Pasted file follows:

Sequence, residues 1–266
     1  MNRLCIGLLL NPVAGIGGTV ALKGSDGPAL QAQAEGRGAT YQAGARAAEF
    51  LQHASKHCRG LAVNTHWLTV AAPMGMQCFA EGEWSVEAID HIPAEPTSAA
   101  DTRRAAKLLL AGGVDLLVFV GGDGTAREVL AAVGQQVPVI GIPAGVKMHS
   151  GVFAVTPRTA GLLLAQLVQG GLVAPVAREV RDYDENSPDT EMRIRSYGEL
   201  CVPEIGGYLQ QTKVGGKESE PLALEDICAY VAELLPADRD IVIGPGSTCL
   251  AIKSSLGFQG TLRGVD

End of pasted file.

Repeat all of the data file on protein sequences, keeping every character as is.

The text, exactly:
Sequence, residues 1–266
     1  MNRLCIGLLL NPVAGIGGTV ALKGSDGPAL QAQAEGRGAT YQAGARAAEF
    51  LQHASKHCRG LAVNTHWLTV AAPMGMQCFA EGEWSVEAID HIPAEPTSAA
   101  DTRRAAKLLL AGGVDLLVFV GGDGTAREVL AAVGQQVPVI GIPAGVKMHS
   151  GVFAVTPRTA GLLLAQLVQG GLVAPVAREV RDYDENSPDT EMRIRSYGEL
   201  CVPEIGGYLQ QTKVGGKESE PLALEDICAY VAELLPADRD IVIGPGSTCL
   251  AIKSSLGFQG TLRGVD